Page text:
Airlines are continuing to spilt up families and members of the same household on flights unless they pay more to sit together.
Despite the pandemic, passengers have complained that the controversial policy, whereby those who refuse to pay for allocated seating are placed apart from the other people on their booking, is still being enforced by low-cost carriers.
Vanessa Ah Sha Sen, 31, from London, told The Independent that she was “shocked” when Wizz Air split up her and her partner on a flight from Catania, Sicily, to Vienna, Austria on Friday 4 September.
“In all honesty, it completely ruined the end of what had been an amazing holiday,” she said.
“The whole airport experience at Catania wasn't great with pretty much no social distancing and people not wearing masks properly, which is a different story, but then when we got on the plane it was even worse.
“I was already so shocked that their algorithm had split us up in the first place when I had checked in and was also feeling pretty anxious about having to sit next to strangers, but my partner reassured me that we could move before taking off if it wasn't full and it would make sense to do so anyway.”
When they boarded the plane, the couple were not only seated apart, but seated on full rows with strangers.
Having noticed that there were a number of empty rows available, Vanessa asked a flight attendant if she and her partner could move so they were seated together, but her request was denied.
“She was very rude about it and told me I should have paid for seats together if we wanted to be next to each other,” said Vanessa.
“I told her our goal was to avoid mixing with other households to avoid close contact as much as possible. She brushed over this and told me that everyone had to sit their allocated seats to ensure if there were any confirmed cases the airline could contact us to let us know.”
Vanessa questioned the rule, having already noticed other passengers moving around the cabin to sit together, but eventually she “let it go”.
Once home, Vanessa complained to Wizz Air’s customer service department, and was again informed that she should have paid more if she wanted to sit with her partner.
“It's especially disappointing, because when the travel industry was complaining about the impact of COVID-19 on their business and then fighting to get back to normal, the first thing they did was reassure customers how safe it was, how they were putting passenger's safety first,” she said.
“But this clearly isn't the case with low-cost airlines such as Wizz Air, who seem to be putting profits first.
“I had never agreed with airlines purposefully splitting up group bookings in the first place, but I wouldn't have thought they would have continued to do it when we're in the middle of a global pandemic.”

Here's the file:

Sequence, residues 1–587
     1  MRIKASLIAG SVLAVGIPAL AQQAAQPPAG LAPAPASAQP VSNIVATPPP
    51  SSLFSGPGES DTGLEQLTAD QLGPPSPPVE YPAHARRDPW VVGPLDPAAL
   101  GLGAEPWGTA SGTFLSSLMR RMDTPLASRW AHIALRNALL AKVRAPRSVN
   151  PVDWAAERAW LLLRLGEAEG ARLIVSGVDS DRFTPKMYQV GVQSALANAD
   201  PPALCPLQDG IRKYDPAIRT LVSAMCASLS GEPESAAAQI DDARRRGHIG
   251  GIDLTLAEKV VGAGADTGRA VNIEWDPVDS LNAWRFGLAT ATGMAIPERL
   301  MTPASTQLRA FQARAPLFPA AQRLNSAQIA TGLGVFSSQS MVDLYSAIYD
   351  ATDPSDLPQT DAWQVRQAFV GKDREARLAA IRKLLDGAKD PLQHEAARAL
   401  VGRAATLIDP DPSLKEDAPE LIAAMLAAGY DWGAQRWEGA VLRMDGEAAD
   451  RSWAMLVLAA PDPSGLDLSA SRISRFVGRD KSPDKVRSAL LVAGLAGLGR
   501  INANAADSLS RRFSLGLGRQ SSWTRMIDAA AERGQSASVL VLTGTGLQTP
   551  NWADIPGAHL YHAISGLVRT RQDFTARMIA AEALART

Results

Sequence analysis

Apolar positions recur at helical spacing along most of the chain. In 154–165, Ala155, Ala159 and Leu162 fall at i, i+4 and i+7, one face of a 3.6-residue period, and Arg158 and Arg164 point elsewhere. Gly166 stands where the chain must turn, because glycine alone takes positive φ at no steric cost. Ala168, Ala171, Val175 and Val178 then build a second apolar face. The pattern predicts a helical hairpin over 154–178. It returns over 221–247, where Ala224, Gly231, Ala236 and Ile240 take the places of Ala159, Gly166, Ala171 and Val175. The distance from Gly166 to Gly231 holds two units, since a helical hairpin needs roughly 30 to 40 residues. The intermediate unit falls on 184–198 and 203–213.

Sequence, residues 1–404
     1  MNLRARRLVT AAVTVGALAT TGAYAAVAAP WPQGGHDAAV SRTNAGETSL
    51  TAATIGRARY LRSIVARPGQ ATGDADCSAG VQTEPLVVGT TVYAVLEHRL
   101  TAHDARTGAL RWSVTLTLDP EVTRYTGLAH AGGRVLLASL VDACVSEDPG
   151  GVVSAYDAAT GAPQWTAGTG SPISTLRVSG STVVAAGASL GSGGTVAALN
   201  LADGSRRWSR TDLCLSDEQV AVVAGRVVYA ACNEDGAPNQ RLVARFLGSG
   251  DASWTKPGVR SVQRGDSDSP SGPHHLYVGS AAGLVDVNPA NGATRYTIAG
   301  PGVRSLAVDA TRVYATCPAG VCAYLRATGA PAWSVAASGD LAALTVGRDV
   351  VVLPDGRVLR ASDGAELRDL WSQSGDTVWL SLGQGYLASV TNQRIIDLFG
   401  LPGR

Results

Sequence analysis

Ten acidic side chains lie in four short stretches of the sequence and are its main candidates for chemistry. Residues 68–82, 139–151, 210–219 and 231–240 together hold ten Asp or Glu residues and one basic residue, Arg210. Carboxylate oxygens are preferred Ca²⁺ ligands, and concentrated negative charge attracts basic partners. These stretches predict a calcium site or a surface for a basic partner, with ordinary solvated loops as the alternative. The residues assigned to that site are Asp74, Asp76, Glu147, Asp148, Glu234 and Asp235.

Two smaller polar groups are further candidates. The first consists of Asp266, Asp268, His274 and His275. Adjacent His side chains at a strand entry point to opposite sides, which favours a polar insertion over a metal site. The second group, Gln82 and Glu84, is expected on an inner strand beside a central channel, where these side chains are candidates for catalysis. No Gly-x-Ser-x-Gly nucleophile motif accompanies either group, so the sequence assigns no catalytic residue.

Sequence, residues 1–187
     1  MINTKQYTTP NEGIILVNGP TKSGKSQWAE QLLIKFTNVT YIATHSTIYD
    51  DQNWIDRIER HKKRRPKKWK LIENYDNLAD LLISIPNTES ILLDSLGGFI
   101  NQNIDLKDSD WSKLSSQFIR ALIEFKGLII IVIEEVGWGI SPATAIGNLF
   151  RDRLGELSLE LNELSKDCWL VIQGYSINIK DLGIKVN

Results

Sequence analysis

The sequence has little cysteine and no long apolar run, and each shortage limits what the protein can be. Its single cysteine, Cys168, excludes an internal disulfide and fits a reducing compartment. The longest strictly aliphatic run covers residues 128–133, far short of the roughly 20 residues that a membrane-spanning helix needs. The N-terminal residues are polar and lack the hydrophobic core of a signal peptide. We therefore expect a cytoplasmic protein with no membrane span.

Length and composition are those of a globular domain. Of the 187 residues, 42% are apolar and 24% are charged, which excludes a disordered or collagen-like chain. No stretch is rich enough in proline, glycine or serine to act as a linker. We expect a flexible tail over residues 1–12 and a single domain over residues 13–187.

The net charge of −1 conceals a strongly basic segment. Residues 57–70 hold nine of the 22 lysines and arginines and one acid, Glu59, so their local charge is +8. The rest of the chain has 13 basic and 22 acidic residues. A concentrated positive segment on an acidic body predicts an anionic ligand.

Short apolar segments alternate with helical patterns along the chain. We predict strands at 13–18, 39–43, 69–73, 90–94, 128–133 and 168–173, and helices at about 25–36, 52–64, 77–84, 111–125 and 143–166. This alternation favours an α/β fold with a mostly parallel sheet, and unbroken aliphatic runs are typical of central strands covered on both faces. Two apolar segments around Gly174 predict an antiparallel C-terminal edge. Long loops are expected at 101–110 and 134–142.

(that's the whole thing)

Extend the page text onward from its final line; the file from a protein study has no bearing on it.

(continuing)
Vanessa isn’t the only one to have highlighted the practice, with many passengers complaining of the same issue on social media.
Alex Ferguson tweeted: “@wizzair currently on a flight where the group has been split up despite it being a full plane and next to someone without a proper mask - disgraceful behaviour in these times,” while Fizza Schär wrote: “We are travelling to the UK from Crete today and @wizzair have decided to split up our three person family and seat us separately just because we haven’t pre purchased the seats. How is that in line with current Covid-19 regulations? Feel at risk!”
User @ParaBrian1 commented of their Wizz Air flight: “Just boarded a flight from Mykonos to Vienna and I’m 17 rows away from my partner and there is numerous other groups all split up. Trying to extort money from people during a pandemic.”
Ryanair has also been accused of using the same tactics.
“@Ryanair how irresponsible are you to split people up on the same booking on a virtually empty flight, given the current situation and social distancing rules? Ridiculous,” tweeted Chris Sargent, alongside a picture of a seating plan that showed him and his travel companion seated at opposite ends of the aircraft.
Jay McCracken posted: “@Ryanair can you tell me why you constantly split families up on your flights, even with seats free next to them. Making them sit next to strangers that they never meet before and potentially putting them at risk of spreading Covid-19?”
A Wizz Air spokesperson told The Independent: “Wizz Air fully meets all local and international health requirements, and was the first European airline to introduce enhanced health and safety measures.
“As part of these protocols, Wizz Air cabin crew will re-seat passengers to allow for social distancing where possible.
“If load factors do not allow for this, families can choose to be seated together for a fee, but children under 14 will always be sat with one parent free of charge. In addition to WIZZ’s health and hygiene measures, which ensure the most sanitary conditions on-board and a low-contact environment, HEPA filters on all Wizz Air aircraft filter out 99.97 per cent of viruses and bacteria from the air.
“All Wizz aircraft are regularly put through an industry-leading disinfection process with an antiviral solution throughout the day, and are disinfected again with this solution overnight. Wizz Air has taken every precaution to ensure that the health, safety and wellbeing of its passenger and crew is protected.”
Ryanair did not respond when approached for comment.